The reasonable question «why then did they arrest them in the first place” has also a reasonable answer. This was an opportunistic policy by a collapsing government, which was under the influence of the promises it made vis-a-vis the euroelections.  And the worst thing is that the main opposition was also drawn to the unrealistic doctrine, «zero tolerance for illegal immigration».

Interior Ministry agents foresee that nothing will be implemented of the alleged “places of temporary detention” and that they will be forced to reduce the crowding of detention centers on Aegean islands, leaving non legal immigrants with minor children free.

«Athens cannot take up more immigrants» –
The capital is confronted once again with the failure of immigration policy . «Athens should not be a dump of human suffering and cannot  bear the burden of more illegal immigrants», is the strong reaction of the prefect of Athens faced with the transportation of 570  immigrants from Mytilene to Athens this morning, without anyone knowing what will happen to these people since there is no plan for accommodation and hospitality- except for the 100 minors who will stay at the Aghios Andreas children summer camp facilities.

«And as is the usual development, [the refugees] will end up in the hands of drug traffickers, pimps and crime padrons, who feed on the chaotic reality», says Mr. Sgouros, highlighting the lack of any organization.  Among other things, he proposed the legalization oef long residing immigrants and the acceleration of asylum grants to those who are entitled to them, as well as the establishment of humane reception centers for undocumented immigrants illegally entering the country.

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Eurofortress Elections: anti-immigrant legacies…

Posted by clandestina on 19 May 2009

Government and Opposition parties (Nea Dimokratia and Pasok) compete in hypocricy, resorting to the scant residues of pretexts.  After the Euroelections the parliamentary ones will come, the Opposition will be government… The anti-immigrant legacy will be in good – and familiar – hands, no worries… Bilateral aggreements, bilateral crimes.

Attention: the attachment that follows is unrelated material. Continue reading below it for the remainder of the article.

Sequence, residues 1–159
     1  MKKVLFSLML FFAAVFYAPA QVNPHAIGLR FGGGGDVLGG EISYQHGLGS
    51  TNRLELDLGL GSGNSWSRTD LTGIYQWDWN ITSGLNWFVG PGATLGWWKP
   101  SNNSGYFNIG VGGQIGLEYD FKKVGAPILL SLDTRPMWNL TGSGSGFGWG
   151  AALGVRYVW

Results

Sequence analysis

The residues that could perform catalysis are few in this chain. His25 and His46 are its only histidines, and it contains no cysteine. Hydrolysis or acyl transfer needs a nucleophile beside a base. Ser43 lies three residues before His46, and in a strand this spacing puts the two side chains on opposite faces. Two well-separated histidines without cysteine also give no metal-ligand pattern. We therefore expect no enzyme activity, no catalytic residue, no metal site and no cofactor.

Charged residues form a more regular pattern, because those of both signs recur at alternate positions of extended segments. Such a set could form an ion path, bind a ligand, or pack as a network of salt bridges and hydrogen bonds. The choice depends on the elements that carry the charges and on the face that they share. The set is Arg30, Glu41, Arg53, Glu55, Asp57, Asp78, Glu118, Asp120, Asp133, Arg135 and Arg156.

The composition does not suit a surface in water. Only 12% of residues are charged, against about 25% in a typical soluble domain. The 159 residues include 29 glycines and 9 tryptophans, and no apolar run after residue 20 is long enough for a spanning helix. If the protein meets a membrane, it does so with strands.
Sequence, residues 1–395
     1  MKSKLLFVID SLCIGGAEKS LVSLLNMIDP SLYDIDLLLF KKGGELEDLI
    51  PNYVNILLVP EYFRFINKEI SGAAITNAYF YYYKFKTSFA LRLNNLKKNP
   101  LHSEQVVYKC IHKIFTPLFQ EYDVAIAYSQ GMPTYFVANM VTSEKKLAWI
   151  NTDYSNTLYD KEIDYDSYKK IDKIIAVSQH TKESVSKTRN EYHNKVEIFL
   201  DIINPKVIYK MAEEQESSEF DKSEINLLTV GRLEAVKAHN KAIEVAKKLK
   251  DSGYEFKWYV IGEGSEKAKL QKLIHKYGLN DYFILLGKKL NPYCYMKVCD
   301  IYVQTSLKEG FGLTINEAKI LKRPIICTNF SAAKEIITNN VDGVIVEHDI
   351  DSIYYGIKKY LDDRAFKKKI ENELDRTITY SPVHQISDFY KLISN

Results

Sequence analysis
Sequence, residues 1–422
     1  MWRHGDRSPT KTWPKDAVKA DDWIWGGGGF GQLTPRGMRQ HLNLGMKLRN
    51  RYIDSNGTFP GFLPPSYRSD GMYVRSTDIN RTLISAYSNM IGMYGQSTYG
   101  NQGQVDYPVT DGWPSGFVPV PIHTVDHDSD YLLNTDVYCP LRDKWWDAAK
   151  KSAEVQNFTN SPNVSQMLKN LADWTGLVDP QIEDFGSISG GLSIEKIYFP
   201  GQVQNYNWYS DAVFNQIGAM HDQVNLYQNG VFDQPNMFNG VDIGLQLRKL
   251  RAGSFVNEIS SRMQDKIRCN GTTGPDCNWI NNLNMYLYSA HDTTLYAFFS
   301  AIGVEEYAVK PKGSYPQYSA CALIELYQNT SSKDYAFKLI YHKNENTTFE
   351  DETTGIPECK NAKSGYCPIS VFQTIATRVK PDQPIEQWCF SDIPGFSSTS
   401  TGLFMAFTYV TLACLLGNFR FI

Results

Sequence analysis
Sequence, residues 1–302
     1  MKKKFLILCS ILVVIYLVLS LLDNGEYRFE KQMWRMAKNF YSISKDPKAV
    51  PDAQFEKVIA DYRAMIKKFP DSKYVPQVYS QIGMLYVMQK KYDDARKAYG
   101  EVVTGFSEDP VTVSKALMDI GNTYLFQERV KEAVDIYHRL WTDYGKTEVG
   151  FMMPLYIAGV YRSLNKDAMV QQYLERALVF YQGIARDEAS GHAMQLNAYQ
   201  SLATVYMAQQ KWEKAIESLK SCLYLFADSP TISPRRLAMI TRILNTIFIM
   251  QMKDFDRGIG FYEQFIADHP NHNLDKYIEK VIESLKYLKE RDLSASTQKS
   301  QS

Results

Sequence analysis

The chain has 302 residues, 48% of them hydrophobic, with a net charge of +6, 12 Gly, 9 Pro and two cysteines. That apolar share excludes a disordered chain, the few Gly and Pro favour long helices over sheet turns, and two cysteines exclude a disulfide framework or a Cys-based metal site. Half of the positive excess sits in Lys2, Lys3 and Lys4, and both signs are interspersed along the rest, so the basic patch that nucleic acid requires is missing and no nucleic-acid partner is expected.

This is a mix of Kathimerini and ANA-MPA articles…


PASOK leader George Papandreou yesterday slammed the government’s immigration policy as a complete failure, as Alternate Interior Minister Christos Markoyiannakis heralded the creation of a separate body that would oversee the management of the center of Athens, which a growing number of illegal immigrants are making their home.

Papandreou was speaking in Patras after visiting the coast guard at the local port, close to where hundreds of migrants have set up a makeshift camp as they wait for the opportunity to board ferries for Italy.

“In Patras, we can see the complete failure of the government’s policy on illegal immigration,” said the PASOK leader.

He accused the government of lacking a clear policy on who should be granted asylum, of failing to develop a coherent policy on how to assimilate migrants in Greek society, of not ensuring the proper protection of the country’s borders and of being unable to reach bilateral agreements to secure the repatriation of some migrants.

Papandreou said he has ascertained “the full and overall failure of the governmental policy on the issue of illegal migration and on refugees”, adding that the result of that policy was hardship and suffering for the local societies, and downgrading of the lives of migrants and refugees, as well as hardship on the Harbor Corps employees.

He said that “a serious government should have done six things, which have not been done”, elaborating that the country today lacks: serious guarding of its borders due to a downgrading of the Harbor Corps with respect to means and staff; a clear-cut policy on how and who is categorised as a political refugee and who is sent back; a clear-cut policy on how to incorporate the legal migrants and refugees into the Greek society and economy; and a clear-cut policy on boosting the guarding of the country’s ports so as to send a powerful message to all the illegal immigration rings that Greece will not be a gateway for illegal immigrants to the rest of Europe.

Further, Greece has not activated its bilateral agreements with neighboring Turkey that provide for the return of all illegal immigrants coming to Greece via Turkey which, Papandreou said, PASOK had implemented when it was in government.

Also, the establishment of immigrant/refugee camps only worsened the situation rather than solved the problem, adding that the problem can be solved by a serious government through cooperation in the European Union.

“This problem can be solved by a more serious government that is capable of working with the European Union,” said Papandreou.

The government responded by announcing that it would be adopting a plan put forward by Athens Prefect Yiannis Sgouros to create a body that would coordinate the work of various services, including the police, in the so-called historic center of Athens.

Markoyiannakis gave no further details about how or when this body will operate but he told Skai Radio he has plans to increase the police presence around Omonia Square, where the crime rate has reached alarming levels. It is also the site of an abandoned court building where over 500 migrants are squatting.

Markoyiannakis added that there are plans to move a methadone center from the area, which many locals believe is the cause of the drug-related crime in the neighborhood.